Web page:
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The Guardian of Peter the Great’s Legacy

The Guardian of Peter the Great’s Legacy

Monday, 13 June, 2022 - 10:45
Ghassan Charbel
Ghassan Charbel is the editor-in-chief of Asharq Al-Awsat newspaper

The strong ruler digs into history, searching for a spring, a sword, or a cover. Vladimir Putin is searching for a legitimate reason for the great coup he unleashed through the Ukrainian fire. It’s a coup against the unipolar world, its only superpower, its fleets… It’s a coup against its dollar - the biggest and most violent of its generals. It’s a coup against the Western model and its attractiveness… against color revolutions and civil society.


It was difficult for Putin to derive the legitimacy of his coup from Stalin or Lenin. He needed an ancestor that further embodies the Russian spirit and the dream of the empire, and he has found one. He is Peter the Great, the builder of the empire and the navy, who subjugated neighboring lands and nearby seas. The master of the Kremlin meddles with the legacy of the most prominent stars of Russian history. He uses the character of a warrior and the spirit of a tsar, disavowing his desire to learn from the West and to follow its path of progress.


The Russian war in Ukraine needs no proof of its exceptional gravity. It is a war waged by a superpower that, in addition to its formidable nuclear arsenal, has a permanent seat in the Security Council. It is also the country that was born from the ashes of the Soviet collapse and has been acting since with feelings of oppression and bitterness.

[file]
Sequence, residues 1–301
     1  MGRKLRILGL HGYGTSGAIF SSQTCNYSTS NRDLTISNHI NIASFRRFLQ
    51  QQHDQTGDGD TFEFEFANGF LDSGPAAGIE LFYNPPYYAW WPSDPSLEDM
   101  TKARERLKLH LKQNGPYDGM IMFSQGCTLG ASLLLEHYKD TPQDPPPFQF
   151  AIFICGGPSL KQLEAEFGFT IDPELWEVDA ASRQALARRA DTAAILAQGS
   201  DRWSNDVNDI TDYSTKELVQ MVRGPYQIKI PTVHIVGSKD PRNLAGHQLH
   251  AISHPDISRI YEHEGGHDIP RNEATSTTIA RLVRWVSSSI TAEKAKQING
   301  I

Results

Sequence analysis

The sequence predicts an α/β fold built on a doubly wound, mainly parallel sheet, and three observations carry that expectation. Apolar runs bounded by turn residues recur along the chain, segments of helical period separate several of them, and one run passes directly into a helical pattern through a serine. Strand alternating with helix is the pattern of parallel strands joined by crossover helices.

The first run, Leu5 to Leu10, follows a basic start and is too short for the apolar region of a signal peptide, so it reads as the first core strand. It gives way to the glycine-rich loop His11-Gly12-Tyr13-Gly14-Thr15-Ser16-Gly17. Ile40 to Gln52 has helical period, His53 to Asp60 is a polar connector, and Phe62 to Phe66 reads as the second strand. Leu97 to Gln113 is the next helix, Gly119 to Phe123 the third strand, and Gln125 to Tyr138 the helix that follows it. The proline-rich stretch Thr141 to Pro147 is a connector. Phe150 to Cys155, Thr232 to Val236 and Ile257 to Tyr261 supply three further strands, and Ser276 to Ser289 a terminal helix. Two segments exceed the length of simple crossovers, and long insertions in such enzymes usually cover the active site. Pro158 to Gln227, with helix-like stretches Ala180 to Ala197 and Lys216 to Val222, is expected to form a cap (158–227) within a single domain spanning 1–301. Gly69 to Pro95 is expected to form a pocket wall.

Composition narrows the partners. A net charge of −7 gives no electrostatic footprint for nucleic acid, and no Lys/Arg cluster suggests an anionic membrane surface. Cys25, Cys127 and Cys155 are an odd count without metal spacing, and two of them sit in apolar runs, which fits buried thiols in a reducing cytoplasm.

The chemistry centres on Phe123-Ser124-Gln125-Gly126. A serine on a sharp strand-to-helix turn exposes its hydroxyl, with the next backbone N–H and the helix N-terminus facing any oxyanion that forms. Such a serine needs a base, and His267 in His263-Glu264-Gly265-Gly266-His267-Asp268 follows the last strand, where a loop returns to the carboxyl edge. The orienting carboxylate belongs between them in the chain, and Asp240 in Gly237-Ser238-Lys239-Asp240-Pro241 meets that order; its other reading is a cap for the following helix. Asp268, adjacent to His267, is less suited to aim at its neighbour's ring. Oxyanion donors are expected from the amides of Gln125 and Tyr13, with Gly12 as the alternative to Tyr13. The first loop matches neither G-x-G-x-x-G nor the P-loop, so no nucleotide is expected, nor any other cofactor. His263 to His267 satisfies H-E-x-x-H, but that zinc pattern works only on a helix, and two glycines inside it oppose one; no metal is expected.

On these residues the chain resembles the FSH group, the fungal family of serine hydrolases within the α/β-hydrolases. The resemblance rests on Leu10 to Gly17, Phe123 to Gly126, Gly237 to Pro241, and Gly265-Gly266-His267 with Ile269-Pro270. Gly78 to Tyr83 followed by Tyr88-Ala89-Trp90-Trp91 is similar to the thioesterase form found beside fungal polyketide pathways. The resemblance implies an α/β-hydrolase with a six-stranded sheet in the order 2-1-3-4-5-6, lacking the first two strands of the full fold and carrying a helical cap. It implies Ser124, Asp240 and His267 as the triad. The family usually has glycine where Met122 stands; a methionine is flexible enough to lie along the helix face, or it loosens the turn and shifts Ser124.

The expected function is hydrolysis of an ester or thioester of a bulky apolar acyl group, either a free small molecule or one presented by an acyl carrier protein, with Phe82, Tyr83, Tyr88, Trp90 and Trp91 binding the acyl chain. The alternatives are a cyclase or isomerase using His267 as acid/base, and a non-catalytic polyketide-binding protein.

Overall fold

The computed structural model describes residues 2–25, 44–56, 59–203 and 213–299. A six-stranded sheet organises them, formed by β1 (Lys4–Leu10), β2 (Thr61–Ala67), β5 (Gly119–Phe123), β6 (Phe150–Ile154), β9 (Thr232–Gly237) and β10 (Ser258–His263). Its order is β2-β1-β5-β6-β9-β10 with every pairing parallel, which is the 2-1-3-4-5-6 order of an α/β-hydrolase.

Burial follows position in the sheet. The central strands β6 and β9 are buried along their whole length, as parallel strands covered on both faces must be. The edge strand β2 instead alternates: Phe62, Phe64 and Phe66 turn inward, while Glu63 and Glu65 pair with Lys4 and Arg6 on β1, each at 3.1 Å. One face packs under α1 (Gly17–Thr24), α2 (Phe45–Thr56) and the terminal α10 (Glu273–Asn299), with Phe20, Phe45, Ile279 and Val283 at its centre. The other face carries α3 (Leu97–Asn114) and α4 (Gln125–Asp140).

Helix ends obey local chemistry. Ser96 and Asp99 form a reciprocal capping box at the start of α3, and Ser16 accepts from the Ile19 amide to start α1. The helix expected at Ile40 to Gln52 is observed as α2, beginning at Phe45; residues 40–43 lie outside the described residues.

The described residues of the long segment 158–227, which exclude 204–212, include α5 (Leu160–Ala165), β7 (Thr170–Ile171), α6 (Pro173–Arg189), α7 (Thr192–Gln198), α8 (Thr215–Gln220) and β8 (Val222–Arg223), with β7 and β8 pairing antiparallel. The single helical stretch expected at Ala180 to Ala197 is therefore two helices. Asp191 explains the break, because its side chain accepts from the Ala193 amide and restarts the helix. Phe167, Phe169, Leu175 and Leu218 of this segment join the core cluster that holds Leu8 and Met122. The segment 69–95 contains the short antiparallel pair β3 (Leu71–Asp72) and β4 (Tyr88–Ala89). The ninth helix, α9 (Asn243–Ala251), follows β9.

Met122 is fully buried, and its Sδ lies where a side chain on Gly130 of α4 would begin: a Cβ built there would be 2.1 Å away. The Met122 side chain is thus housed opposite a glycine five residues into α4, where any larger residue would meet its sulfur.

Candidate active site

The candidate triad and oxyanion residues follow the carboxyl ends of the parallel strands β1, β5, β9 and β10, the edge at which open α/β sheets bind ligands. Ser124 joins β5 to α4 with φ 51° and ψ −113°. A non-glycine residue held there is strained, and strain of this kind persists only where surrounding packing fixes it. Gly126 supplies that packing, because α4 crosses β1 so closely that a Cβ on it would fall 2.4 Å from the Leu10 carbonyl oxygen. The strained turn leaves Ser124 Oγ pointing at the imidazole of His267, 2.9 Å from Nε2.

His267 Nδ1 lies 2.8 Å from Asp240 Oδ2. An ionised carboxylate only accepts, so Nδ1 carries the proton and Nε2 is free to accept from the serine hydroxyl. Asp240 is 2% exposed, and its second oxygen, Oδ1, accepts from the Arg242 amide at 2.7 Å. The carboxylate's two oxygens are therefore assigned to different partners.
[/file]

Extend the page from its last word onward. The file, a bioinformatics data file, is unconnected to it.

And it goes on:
Moreover, it is a war taking place on European soil, in which the Russian weapon confronts the Atlantic coalition, which is trying to save the Ukrainian army from a crushing defeat that will force it to complete surrender. It’s a war that sees the use of energy and food as lethal weapons, threatening to starve millions of people and triggering a global economic crisis. Perhaps the most dangerous new element is news coming from Russia about Putin’s admiration for Peter the Great, his endeavor to implement his ancestor’s policies and to “restore the property” of the Russian Empire. This simply means that the war goes beyond seeking to uproot the Atlanticisit tendencies of the current Ukrainian spirit, to the extent of snatching parts of the Ukrainian map.


It also means that President Volodymyr Zelensky is not facing a border dispute or punishment from a powerful neighbor, but rather a confrontation with the spirit of the Russian Empire and the legacy of Peter the Great.


In any discussion of the Russian war in Ukraine, the responsibility of the West cannot be ignored. After the fall of the Berlin Wall and the disintegration of the Soviet Union, the West, which was seized by the vanity of the victor, ignored Russian “facts” that should not have been overlooked.


This country, which is equivalent to the size of a continent, is ruled by a strong man who can moderate divisions and control national and ethnic sensitivities. Moreover, it is a country already affected by the siege complex, and feels that throughout history it has been targeted by the winds of invasions.


It has feelings of admiration towards European progress, mixed with fear for the identity. What also cannot be ignored is that the imperial legacy is rooted in the spirit of the people, who are always nostalgic for their great Russia.